FAIRBANKS -- The Flint Hills Refinery in North Pole has started its shutdown procedures and has stopped producing gasoline.
The refinery intends to halt production of jet and diesel fuel by May 24, which will end its refining operations. It will become a fuel terminal, supplied by tank cars on the Alaska Railroad.
The closure is to be followed by months of a decommissioning process intended to keep the complex piping systems on the complex in good condition, said Flint Hills spokesman Jeff Cook. If a buyer is found, the refinery could go back into operation.
The company announced in February that it was shutting down this spring because of economic factors including ongoing costs associated with the cleanup of sulfolane that began many years before it bought the property from the Williams Cos. and the high price of Alaska North Slope crude oil.
Cook said that after June 1 the company will be known as the Flint Hills Alaska Terminal Group.
About 35 employees are expected to remain with the company to run the tank farm, which can store 720,000 barrels of fuel. Some other employees are transferring to jobs with Flint Hills in the Lower 48, said Cook.
The company will stop receiving crude oil from the trans-Alaska pipeline later this month.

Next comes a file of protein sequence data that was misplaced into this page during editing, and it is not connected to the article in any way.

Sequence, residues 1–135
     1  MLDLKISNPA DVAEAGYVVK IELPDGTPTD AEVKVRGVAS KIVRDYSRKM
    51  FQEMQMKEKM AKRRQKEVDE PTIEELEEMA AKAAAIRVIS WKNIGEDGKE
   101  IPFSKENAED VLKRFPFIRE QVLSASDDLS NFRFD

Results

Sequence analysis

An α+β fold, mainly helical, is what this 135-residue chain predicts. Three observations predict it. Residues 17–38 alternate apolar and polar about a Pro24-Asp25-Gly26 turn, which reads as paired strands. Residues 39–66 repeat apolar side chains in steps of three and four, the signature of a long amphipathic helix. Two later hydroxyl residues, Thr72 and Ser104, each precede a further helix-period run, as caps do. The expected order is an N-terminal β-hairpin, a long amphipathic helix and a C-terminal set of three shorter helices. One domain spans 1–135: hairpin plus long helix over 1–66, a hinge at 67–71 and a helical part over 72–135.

It will continue to sell fuel products from its facilities in North Pole, which will be supplied by tank cars on the Alaska Railroad transporting fuel from other refineries.
The major product of the North Pole refinery has been jet fuel for the Anchorage market, so the northbound rail shipments are expected to be far more limited than the southbound oil freight has been for many years.
Flint Hills is a refining, chemicals and biofuels company owned by Koch Industries that has more than 4,000 employees and has been growing rapidly Outside.
The state is in court and negotiating with Flint Hills, as well as with the Williams Cos., former owners of the refinery, about dividing liability for the sulfolane spill. The chemical has been found in the groundwater up to 3 miles from the refinery.
Spills of the solvent began in the 1980s when Williams owned the property. Flint Hills bought the refinery a decade ago.
The end of refining operations is expected to create a $6 million cash hit for the Alaska Railroad this year compared to 2013 and an $11 million cut in 2015. The railroad continues to run five trains a week to Anchorage for various customers.